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Branded Content: two words that will get you full attention at the upcoming media end-of-year drinks. But what is it? Does it work? Is it worth investing in?
UM could tap into the great study that our international colleagues of the IPG Media Lab have conducted with the American business giant Forbes. 2259 visitors of the Forbes website got exposed to random versions of the website (clean, display bannering, branded content, display bannering branded content combo). A post exposure test allowed analyzing the impact of the different flavors of branding and exposure to bannering and branded content.
The results crown branded content very convincingly as the clear winner. You can download the full report here.
I was contacted months ago by a young girl who wanted to know my Klout score. She was making a list of important people to follow on twitter. It made me smile. When I answered that my Klout score is on klout.com (like everyone else’s) and that it hovers between roughly 55 and seventy-something depending on my mood, and the temperature of the seawater in Belgium, she got upset. Klout was important, and I was not taking her seriously.
I explained that the temperature of the seawater does have a determining effect on my Klout score. If it gets too cold, I migrate South, and stop tweeting for a while. My Klout thingy sinks accordingly like a stone with respiratory difficulties. If the temperature is ok, my mood gets better, I twitter chat with friends, spread some blog posts around, and my Klout score sours up. That did not make her happy either.
Now, how can you determine if someone is important based on a yo-yo Klout score? Try walking up to somebody, and ask how important he is. Can you picture that? How do you define ‘important’? Is that a figure in two digits? Will he be more important tomorrow? Is he important because he has money? To whom is he important?
What does my Klout score tell you? Does it show you what people think about what I write? What impact my tweets/posts/musings have? Does it give a value on quality? Even on quantity? If so, in relation to what exactly? To my goals? Did the girl mean with ‘important’ influential? Influential on what topic? To what audience?
I have nothing against Klout.com. It is a rating system amongst many. I do have something against conclusions hastily drawn from a two digit number that gets influenced by the temperature of seawater.
If you want to determine if someone is important, relevant, influential, you’ll have to rely on more than just an automated tool. You’ll have to analyze all kinds of data, you’ll have to sift through criteria, and you’ll have to put stuff in context. Content might be King, but contextual information is Queen.
There is no number that can tell you whether I am important or not. Only you can determine that.
Thank you for sharing this, it will benefit my Klout score…. :-).
I confess, I admit: I could never ever coach an American Football team. I have never played it, never watched a full game, I do not understand any of the rules, and I am completely ignorant to all the habits and sensitivities. I would probably do about as good as a drunken rhinoceros in artistic skating.
In my book, to be good at something requires enthusiasm, sheer will, track record and hands-on experience. And that is exactly what I see as lacking in how most influencing agencies cope with social and digital media. They line up their usual experienced heavy weights to provide their clients with strategy and guidance on how to integrate digital and social media into the overall marketing and communication mix. Little side note: an alarming high percentage of these heavy weights have no experience in the digital and social media world. Even more alarming is that the teams they roll out, into the field have none either.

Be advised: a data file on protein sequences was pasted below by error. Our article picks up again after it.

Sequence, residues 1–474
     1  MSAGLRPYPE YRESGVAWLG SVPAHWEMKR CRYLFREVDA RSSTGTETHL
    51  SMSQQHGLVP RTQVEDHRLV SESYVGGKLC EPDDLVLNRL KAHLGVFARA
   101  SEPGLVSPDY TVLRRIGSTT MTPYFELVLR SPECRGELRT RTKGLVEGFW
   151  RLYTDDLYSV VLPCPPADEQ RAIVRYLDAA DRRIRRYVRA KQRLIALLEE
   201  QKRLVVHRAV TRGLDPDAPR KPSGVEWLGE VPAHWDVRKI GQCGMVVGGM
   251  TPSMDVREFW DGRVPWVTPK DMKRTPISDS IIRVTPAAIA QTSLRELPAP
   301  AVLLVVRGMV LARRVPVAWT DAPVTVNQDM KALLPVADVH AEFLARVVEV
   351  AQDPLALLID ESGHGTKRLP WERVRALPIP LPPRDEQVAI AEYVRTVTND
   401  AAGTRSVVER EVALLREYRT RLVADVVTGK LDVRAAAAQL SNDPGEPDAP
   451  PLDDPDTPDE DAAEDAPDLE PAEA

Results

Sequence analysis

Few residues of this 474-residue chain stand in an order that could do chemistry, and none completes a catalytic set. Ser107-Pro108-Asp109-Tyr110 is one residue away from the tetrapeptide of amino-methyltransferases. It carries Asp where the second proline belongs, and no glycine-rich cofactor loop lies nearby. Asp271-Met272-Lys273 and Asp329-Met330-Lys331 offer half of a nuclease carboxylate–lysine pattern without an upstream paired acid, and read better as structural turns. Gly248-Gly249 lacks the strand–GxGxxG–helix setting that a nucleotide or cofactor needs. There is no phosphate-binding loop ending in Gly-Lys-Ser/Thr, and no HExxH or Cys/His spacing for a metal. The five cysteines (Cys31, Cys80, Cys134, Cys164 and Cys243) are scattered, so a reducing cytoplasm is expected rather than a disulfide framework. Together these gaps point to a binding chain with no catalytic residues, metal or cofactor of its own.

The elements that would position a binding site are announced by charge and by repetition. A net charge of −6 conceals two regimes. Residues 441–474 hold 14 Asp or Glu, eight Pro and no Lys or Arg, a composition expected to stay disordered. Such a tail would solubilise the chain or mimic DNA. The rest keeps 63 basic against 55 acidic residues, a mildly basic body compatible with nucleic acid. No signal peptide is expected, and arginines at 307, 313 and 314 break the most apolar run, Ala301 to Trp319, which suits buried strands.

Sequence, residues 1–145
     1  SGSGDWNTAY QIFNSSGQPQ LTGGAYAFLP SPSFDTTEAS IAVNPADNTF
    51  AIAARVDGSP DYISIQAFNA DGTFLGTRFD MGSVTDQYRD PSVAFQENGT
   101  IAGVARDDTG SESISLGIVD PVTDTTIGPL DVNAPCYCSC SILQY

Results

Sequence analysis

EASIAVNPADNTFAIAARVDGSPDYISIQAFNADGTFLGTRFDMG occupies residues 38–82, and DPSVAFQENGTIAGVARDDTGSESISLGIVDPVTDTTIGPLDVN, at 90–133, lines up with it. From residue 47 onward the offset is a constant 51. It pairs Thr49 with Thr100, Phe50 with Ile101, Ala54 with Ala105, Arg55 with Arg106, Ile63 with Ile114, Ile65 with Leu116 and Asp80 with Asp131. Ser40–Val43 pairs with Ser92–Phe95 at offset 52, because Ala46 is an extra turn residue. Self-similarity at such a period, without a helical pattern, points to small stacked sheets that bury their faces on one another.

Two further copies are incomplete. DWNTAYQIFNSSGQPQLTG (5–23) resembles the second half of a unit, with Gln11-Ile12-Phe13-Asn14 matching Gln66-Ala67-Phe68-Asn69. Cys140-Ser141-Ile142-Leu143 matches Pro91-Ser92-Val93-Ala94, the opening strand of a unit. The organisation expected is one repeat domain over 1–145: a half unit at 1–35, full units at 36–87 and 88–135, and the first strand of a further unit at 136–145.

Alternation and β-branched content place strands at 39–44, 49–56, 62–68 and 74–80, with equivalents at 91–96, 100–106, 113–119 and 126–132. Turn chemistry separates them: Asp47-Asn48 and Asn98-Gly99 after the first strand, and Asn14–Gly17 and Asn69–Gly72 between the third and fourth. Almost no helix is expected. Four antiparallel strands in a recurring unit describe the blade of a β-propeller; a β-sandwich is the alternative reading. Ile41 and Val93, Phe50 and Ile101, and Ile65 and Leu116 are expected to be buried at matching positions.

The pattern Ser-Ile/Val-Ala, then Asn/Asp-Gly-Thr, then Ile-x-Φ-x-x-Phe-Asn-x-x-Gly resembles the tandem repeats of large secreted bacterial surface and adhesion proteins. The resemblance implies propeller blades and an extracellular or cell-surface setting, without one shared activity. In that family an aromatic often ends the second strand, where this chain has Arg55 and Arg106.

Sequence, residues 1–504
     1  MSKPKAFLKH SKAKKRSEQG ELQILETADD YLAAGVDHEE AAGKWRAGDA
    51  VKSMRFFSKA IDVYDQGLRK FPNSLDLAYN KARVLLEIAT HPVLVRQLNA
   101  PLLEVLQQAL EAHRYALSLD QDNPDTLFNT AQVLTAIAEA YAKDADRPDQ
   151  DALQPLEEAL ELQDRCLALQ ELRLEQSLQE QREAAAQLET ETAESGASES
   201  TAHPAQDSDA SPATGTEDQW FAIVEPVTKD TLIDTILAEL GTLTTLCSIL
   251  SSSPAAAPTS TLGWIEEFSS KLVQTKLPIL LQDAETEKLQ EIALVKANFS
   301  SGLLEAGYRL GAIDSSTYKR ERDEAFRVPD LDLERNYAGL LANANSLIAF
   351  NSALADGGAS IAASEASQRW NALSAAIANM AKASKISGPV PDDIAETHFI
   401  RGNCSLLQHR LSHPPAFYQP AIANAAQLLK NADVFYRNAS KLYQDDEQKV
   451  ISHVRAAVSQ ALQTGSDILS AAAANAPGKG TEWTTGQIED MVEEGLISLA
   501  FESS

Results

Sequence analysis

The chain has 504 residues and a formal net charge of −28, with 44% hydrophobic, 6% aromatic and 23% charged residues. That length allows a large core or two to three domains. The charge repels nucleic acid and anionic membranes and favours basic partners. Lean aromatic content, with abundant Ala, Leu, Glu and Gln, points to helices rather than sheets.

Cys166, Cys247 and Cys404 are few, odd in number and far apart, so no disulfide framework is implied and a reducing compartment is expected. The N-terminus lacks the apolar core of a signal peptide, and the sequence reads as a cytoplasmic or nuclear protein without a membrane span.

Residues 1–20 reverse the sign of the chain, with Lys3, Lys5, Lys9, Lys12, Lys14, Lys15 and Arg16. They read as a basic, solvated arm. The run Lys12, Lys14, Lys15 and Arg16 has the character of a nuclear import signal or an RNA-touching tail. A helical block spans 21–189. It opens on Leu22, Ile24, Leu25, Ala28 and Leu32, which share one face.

A fascinating amount of power is given to people who have no clue what’s what in Social Media land. It’s not because you’ve read Groundswell or The New Normal that you are fully equipped to deep dive successfully into this fast moving area. It’s not because you know how a journalist thinks that you should take it for granted that a blogger thinks or behaves in the same way. It’s not because you’re a hotshot in direct marketing that you understand –at all- how twitter works. It’s not because you were fab in influencing through 25 square meter advertorials that you can safely assume that a banner on a site will actually benefit your client or cause in any way. It’s not because your toddler is reasonably good with Lego that it is statistically safe to let him/her play with a fully loaded Kalashnikov.
I’m confronted on a daily basis with blogger relations experts that have never blogged, community managers that are online rookies, and twitter experts that have less reach and followers than my 83 year old gardening neighbor on a rainy day. Robin Wauters of TechCrunch gave a PR professional a full broadside years ago for not playing online engagement by the online netiquette rules. And Wauters was so right. Too many arrogant old style off-line influencers think they can take the online new interactive digital scene by storm… and birthright. They look down on this booming online realm with an explosive mixture of denial, ignorance, arrogance, even disdain: an ideal cocktail for guaranteed distaster.
Not so long ago, agencies tried to offer top-notch journalists, analysts, Pulitzer Prize nominees and politicians a job to get extremely valuable hands-on knowledge, credibility and experience in house. To think that these same people will make the difference in online engagement is a huge mistake that cannot be remediated by an over lunch training session. Big time for agencies and their clients to go hunt for social media wizards, top-notch bloggers, proven star-profiled tweeps and highly connected social networkers.
Only by upgrading their workforce with Digital Wizards will companies, organizations and agencies stay afoot in this morphing landscape. How did Cary Grant say it again: it takes a thief to catch a thief….